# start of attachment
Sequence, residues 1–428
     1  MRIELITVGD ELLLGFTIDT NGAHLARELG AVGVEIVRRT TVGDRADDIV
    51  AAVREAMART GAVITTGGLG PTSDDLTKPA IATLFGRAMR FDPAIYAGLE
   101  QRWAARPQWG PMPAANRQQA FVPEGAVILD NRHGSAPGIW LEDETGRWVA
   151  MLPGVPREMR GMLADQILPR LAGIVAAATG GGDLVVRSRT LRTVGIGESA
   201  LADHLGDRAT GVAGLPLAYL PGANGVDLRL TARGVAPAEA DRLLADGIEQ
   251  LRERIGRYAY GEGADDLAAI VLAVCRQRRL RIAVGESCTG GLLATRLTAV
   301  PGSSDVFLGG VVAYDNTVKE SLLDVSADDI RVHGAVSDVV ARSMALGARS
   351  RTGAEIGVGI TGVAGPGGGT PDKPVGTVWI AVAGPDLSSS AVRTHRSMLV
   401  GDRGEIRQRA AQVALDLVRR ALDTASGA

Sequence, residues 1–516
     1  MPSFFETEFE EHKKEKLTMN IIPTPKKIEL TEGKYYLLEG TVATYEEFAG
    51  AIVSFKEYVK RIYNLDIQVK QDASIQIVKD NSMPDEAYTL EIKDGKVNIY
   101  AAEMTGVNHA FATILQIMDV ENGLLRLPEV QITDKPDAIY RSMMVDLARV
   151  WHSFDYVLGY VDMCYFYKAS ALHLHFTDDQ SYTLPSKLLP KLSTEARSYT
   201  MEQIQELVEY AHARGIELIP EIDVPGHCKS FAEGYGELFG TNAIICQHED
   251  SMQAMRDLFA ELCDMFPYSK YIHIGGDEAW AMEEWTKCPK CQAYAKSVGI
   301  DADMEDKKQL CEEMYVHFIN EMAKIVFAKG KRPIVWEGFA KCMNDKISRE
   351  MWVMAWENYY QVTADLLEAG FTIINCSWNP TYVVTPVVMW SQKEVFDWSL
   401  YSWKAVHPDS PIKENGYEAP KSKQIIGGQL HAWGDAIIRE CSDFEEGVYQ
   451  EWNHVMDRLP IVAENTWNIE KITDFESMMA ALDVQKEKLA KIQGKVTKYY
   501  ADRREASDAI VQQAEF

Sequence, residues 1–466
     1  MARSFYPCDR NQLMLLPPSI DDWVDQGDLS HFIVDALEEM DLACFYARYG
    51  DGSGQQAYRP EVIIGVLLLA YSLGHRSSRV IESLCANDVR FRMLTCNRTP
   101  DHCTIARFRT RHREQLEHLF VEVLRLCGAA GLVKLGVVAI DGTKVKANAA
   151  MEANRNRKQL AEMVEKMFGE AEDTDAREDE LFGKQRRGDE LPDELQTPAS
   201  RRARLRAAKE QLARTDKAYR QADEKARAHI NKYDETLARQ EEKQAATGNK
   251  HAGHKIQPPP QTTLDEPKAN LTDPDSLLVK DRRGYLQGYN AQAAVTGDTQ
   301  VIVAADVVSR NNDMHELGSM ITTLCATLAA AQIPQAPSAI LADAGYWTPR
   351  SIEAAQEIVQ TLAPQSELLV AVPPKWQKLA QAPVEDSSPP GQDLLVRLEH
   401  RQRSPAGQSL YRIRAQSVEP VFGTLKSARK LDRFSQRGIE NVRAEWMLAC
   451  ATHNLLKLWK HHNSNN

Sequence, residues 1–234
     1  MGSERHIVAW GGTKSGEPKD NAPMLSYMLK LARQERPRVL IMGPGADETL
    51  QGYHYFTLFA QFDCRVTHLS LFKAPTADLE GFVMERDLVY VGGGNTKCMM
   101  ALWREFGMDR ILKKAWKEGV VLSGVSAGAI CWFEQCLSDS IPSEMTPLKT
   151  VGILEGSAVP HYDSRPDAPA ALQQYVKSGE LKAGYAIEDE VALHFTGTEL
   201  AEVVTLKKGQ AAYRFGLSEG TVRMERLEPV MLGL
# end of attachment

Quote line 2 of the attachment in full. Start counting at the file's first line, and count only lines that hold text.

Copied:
     1  MRIELITVGD ELLLGFTIDT NGAHLARELG AVGVEIVRRT TVGDRADDIV